According to Alexandros Fourlis, managing director of, a jobs site owned by, firings still outpace hirings. But the gap is starting to close. In October 2012, after four years of decline, the number of job listings began to increase. At the height of the crisis, in January 2012, there were on average more than 330 applicants for every job posting on his site, compared with a little more than 80 in 2009. For popular jobs not requiring specific skills, such as a bank teller, the number could reach as high as 11,000. Today the average number of résumés a job listing receives is back down to about 160. “The picture is still negative,” says Fourlis. “But it’s vastly improving.”


For her interview, Stratigaki has put on a white blouse and black pants. Gold-rimmed sunglasses hold back her red hair. Open sandals reveal pink toenails. On her left wrist she wears a chain with a tiny glass evil eye, a charm to ward off bad luck. The summer heat has penetrated the interior of the high school. Three young women sit near her outside the green metal door.

Another applicant in white slacks and a white linen shirt paces back and forth, from the hallway into the stairwell. He says his name is George but declines to give his last name. He’s 29 years old, holds a master’s degree in economics, and has been unemployed for a year and a half, not counting the five months he worked as a street cleaner.

“It’s more difficult for the highly qualified,” he says. “The market thinks we will cost too much.” He’s applying for a position as a secretary, a job that requires a high school degree. For a couple of minutes, he and Stratigaki discuss whether his education will be an asset or a liability, and then their names are called.

The position Stratigaki is applying for, a social worker in an office distributing discounted groceries and medicine to the city’s rising numbers of disadvantaged, would be a coup. For one thing, it’s a two-year contract. The salary of €700 a month would be low by the standards of a few years ago but is considered generous in the current economy.

Stratigaki estimates she spends two hours a day looking for jobs, an effort that’s netted her nine interviews in six months. One was for a position as a secretary at an economics newspaper in Athens’s richer southern suburbs. It quickly went off the rails when the interviewer began mocking the working-class neighborhood where Stratigaki grew up.

In addition to three jobs sites, including, Stratigaki regularly checks the home page of her university’s career office. She set e-mail alerts for positions in her field but has received only two notices. Another alert, for secretarial work, generates mostly spam from companies looking to staff call centers with young people working on commission. Increasingly, many postings are for unpaid internships. Two or three times a week she makes the rounds of the websites of nearby municipalities, checking in the evening, when she’s learned that they usually refresh. Sometimes, to break the monotony, she meets for coffee at the home of close friends to go through the listings together. “It’s expensive for us, as unemployed people, to go to a cafe,” she says.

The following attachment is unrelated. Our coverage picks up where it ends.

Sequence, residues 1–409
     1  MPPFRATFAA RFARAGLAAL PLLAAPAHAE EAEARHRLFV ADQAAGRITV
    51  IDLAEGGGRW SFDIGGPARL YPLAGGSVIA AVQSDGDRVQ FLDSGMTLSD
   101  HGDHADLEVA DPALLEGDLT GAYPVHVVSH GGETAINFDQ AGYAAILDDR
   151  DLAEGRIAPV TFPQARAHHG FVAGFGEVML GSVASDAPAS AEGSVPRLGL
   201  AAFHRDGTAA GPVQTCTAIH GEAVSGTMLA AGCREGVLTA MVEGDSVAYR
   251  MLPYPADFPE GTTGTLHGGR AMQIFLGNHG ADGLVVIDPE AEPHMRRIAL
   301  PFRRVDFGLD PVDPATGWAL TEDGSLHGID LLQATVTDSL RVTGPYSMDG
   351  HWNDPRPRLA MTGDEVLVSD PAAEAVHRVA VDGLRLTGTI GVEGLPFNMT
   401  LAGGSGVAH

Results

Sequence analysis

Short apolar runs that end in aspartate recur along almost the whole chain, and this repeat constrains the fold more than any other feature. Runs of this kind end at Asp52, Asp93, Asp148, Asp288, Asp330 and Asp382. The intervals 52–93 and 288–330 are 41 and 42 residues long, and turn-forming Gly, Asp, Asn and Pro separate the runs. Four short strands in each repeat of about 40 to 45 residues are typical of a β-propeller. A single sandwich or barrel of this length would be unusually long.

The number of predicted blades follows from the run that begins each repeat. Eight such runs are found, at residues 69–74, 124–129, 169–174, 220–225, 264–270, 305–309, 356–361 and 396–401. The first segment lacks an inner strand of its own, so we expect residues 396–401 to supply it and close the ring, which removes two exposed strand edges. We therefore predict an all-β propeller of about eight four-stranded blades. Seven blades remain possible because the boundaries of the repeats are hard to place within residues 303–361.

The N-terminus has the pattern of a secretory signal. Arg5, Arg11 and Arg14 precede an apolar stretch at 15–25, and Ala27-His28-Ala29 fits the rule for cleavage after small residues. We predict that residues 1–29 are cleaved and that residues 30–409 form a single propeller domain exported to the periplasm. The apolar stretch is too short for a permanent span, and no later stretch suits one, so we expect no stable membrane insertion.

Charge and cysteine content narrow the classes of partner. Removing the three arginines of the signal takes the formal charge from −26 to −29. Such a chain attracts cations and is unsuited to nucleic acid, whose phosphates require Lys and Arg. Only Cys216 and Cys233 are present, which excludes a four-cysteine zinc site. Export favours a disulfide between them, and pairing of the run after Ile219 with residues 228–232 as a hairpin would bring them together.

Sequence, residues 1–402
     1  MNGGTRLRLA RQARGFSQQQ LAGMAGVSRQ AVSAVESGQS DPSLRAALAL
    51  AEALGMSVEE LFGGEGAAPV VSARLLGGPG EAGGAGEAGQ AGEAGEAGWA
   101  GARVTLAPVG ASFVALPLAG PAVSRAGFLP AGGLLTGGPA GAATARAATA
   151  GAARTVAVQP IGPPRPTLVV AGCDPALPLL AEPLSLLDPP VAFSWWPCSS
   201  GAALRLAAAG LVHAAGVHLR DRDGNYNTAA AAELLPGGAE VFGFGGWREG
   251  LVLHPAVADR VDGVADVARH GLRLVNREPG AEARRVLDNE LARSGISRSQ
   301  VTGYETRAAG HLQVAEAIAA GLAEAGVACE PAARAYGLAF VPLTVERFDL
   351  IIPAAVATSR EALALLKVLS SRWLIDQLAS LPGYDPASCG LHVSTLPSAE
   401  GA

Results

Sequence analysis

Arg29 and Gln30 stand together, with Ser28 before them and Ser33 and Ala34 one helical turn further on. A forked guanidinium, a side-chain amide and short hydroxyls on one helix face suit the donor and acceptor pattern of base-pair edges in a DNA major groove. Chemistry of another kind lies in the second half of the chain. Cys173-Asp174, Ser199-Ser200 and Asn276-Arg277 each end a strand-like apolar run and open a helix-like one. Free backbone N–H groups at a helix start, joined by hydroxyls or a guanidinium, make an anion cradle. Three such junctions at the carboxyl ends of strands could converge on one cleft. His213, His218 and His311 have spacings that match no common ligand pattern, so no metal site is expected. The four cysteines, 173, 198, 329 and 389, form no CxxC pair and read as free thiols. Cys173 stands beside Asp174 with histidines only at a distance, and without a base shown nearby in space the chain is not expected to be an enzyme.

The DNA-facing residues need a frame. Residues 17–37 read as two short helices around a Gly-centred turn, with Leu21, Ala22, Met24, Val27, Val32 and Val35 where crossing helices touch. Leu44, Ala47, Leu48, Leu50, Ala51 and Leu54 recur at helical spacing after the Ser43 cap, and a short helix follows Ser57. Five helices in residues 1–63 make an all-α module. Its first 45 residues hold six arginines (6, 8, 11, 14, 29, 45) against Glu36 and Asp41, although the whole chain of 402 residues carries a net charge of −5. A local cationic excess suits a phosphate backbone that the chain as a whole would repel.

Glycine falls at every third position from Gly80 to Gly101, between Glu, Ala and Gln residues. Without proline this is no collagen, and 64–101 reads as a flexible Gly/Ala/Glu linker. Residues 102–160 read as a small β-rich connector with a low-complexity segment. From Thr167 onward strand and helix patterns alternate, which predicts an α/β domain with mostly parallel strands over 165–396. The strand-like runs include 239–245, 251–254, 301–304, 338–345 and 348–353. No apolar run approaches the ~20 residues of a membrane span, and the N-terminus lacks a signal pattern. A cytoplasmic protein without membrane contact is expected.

With the rest of her time, she helps take care of her parents’ house and that of her boyfriend, Stelios Siderakis, 32, who moved back from London in 2010 to be closer to Stratigaki and to his father, who died of cancer last year. She recently began studying photography, shooting mostly landscapes but brainstorming with her classmates about earning some money shooting weddings and baptisms. The one thing she and her boyfriend don’t want to do is leave Athens, unless it’s to move to the island of Chios, where Siderakis has family. “I don’t know why,” says Stratigaki. “Maybe I’m afraid. Or maybe it’s the fact that I’ve always found something sooner or later.” Siderakis, a chef, has had relatively little trouble finding work, though his paycheck has shrunk with every new job. “I’d feel like I was betraying my country” by leaving, he says. “I have friends who have left, but they didn’t have any other options. The jobs they were doing were gone. I know that I can make it somehow or another.”

When Stratigaki, George, and two other women emerge from their interviews, all four say they’re happy with how things went. They compare notes on the way down the stairs. Greece shuts down in August, even in this time of crisis, so Stratigaki didn’t expect to hear back about the interview until September, but the interviewers tell her they plan to make their decision by the end of July. “Now it’s time to wait,” she says. “This is the hardest part.”

In the meantime, the job hunt goes on. Two days after the interview, Stratigaki drops by her old travel agency to book a couple of ferry tickets to Chios. She takes the opportunity to ask once more about getting rehired. The answer, again, is no.

First published in Bloomberg Businessweek.


Stephan Faris on Twitter
Stephan Faris
Stephan Faris is Enterprise Editor at the European edition of Politico. Prior to that, he was a contributor to Time, Bloomberg Businessweek, and The Atlantic. He has lived in and written from Beijing, Nairobi, Istanbul, Lagos, and Rome and covered stories across Africa, Europe, and the Middle East, including the invasion of Iraq and the civil war in Liberia. His book, Forecast: The Consequences of Climate Change, from the Amazon to the Arctic, from Darfur to Napa Valley, has been translated into Chinese, Japanese, and Portuguese.